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The recent interview of Brian McLaren in Sojourners made a slight plea for purple politics — neither red nor blue but purple. I have for a long time talked about how theology in the 80s became Reaganology, and by that I only meant to provoke thought. The 80s saw many evangelicals switch from the Democrats to the Republicans. It can just as easily be argued that theology and politics are inseparable. Are they? And what will that say for those of us who think a Purple Party would have promise?
If purple politics is really a stance of both post-Republican (taking the good, shedding the not so good) and post-Democrat (taking the good, shedding the not so good), then what is Purple Theology?
I suggest the following and welcome your conversation:
1. Purple Theology will transcend the “partisan” nature of current theology, which means it will transcend Evangelical, Fundamentalist, and Liberal — in all their varieties. It will take the good and shed the not so good. It will be at the same time both broad and orthodox.
2. Purple Theology will see itself as a “tuning up” session before the great performance. If the great performance is union with God for Eternity, then theology on earth is a tuning up — never the full, never the complete performance.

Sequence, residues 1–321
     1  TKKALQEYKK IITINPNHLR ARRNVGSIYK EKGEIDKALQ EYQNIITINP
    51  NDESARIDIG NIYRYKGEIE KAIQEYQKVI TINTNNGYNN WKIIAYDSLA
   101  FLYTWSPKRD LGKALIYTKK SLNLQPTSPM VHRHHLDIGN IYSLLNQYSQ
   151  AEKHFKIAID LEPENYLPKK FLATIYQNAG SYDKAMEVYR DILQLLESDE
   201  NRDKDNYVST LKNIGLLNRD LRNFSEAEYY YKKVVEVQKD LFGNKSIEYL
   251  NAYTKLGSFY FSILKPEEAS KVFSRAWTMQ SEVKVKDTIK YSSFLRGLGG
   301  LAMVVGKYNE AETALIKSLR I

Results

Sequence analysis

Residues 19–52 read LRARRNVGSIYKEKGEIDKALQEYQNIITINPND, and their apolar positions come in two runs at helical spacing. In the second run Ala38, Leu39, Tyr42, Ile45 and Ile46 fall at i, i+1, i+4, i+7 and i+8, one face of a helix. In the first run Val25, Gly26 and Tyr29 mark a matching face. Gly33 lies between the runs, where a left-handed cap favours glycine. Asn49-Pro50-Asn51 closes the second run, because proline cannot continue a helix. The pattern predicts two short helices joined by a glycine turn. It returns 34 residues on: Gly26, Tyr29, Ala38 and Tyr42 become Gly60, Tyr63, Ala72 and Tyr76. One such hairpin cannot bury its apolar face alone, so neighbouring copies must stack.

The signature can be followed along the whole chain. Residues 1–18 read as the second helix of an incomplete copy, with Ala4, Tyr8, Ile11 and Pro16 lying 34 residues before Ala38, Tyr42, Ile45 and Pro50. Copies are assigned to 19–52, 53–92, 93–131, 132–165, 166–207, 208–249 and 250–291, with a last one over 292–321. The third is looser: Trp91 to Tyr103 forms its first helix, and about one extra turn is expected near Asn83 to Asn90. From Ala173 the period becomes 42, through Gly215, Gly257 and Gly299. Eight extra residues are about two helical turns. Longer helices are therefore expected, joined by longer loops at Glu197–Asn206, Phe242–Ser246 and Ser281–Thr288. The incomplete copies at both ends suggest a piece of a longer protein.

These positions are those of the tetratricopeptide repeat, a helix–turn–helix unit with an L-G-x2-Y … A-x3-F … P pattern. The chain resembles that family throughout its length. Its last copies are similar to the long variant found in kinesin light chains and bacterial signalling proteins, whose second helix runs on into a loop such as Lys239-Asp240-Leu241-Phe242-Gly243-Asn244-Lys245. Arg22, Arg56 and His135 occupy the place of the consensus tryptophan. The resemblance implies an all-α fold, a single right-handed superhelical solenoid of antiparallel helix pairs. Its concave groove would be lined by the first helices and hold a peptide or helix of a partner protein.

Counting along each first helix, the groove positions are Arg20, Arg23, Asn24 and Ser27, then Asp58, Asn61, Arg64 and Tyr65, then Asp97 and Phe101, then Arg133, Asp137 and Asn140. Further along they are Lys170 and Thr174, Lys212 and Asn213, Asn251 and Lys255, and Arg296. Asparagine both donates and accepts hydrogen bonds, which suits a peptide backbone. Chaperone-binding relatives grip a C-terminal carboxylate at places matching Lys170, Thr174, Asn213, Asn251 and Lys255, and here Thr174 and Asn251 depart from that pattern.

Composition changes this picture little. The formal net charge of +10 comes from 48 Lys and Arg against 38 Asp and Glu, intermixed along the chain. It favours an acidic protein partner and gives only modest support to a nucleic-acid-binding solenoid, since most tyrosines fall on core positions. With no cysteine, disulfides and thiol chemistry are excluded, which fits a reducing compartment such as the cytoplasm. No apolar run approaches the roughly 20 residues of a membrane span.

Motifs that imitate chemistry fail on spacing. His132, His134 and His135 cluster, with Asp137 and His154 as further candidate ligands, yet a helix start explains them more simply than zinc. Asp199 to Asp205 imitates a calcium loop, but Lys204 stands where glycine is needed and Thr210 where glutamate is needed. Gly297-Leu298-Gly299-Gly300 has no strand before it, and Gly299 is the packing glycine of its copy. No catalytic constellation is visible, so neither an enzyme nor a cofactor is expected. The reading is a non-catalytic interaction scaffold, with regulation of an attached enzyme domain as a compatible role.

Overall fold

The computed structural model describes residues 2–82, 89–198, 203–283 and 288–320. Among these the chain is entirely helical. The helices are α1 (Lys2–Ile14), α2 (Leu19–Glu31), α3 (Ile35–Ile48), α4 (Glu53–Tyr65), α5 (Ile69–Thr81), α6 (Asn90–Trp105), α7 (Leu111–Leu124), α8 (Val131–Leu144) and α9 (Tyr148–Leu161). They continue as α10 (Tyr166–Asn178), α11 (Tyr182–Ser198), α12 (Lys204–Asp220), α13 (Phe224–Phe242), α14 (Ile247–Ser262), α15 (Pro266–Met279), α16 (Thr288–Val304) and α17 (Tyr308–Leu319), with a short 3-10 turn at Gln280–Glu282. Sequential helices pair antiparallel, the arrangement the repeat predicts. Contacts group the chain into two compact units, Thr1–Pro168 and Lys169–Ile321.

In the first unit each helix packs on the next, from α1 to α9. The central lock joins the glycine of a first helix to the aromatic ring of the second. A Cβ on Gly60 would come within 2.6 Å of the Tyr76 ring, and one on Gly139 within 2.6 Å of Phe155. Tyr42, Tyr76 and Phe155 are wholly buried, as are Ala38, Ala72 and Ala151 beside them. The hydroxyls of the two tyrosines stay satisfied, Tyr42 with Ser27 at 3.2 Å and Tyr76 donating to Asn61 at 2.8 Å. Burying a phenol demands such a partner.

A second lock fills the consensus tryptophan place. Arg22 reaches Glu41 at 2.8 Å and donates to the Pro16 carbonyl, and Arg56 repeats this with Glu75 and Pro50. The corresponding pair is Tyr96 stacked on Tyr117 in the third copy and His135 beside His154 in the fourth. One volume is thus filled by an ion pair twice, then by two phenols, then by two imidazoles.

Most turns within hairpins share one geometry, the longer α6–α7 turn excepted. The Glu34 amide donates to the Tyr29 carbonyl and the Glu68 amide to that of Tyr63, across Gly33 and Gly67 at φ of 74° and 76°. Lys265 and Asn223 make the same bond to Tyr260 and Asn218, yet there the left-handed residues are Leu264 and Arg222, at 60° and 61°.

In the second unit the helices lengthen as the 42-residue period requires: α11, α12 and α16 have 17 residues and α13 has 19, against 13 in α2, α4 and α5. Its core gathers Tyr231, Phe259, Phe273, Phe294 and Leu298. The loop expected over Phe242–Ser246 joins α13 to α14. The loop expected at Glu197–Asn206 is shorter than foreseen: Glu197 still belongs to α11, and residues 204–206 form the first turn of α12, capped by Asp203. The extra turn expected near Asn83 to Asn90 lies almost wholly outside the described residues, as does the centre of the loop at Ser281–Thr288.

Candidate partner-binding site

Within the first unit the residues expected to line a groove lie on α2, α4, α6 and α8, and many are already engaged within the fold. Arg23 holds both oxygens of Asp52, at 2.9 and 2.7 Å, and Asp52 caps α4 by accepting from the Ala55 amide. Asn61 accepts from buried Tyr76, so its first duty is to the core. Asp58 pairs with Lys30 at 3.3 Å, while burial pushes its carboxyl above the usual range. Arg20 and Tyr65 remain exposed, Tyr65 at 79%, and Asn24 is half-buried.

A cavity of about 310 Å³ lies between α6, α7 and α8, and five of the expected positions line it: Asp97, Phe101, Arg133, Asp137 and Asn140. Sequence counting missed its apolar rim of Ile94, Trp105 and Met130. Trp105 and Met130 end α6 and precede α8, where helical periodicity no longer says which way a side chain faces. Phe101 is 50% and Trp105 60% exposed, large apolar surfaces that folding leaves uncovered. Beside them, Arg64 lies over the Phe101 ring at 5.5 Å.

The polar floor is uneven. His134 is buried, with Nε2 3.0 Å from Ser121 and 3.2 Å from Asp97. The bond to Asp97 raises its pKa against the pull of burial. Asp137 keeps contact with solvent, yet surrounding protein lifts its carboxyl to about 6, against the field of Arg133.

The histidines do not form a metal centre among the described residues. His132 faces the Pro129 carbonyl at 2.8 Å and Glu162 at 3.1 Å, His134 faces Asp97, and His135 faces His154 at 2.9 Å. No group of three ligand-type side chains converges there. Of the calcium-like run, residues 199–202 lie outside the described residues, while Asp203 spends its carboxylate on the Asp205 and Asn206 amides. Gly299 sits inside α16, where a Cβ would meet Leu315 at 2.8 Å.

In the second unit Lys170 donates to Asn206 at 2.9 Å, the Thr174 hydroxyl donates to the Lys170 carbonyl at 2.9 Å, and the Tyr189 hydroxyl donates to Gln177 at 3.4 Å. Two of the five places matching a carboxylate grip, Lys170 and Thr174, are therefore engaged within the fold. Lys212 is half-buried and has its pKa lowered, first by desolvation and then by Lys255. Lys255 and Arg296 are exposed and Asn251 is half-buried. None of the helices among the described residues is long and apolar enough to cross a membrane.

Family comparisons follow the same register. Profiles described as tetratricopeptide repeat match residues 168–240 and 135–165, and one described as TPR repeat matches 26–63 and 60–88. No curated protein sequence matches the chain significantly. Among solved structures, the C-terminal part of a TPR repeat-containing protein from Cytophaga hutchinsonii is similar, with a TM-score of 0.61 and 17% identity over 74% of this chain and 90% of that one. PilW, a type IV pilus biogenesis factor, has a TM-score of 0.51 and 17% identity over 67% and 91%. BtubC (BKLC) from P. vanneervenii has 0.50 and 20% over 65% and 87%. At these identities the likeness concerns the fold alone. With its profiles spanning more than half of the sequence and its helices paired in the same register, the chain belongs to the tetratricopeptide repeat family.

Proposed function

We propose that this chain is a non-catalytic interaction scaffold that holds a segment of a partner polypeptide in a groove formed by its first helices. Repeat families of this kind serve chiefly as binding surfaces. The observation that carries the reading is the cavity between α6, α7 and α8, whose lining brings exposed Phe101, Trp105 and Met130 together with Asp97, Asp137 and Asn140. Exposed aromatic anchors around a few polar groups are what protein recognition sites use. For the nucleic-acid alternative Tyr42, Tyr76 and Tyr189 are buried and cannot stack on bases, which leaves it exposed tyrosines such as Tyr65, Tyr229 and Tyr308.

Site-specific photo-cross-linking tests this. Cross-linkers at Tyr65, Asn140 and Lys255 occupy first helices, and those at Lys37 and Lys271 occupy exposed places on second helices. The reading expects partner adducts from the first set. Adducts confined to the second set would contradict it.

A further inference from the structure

3. Purple Theology will root itself in both praxis and doxis, both practice and thinking. It will not limit itself to either, and it will not let one work without the other.
4. Purple Theology will pursue Sophia and not Systematics. (More on this in another post.) Sophia is wisdom, Systematics is an attempt to control the content of the Bible and Theology in an intellectual form that too often gets separated from life itself. Sophia will be the summons of Purple Theology.
5. Purple Theology will frame a “purple-driven life.”
What are some other themes and contours of a Purple Theology? (Just a tad of humor here, but this isn’t meant to be funny.)

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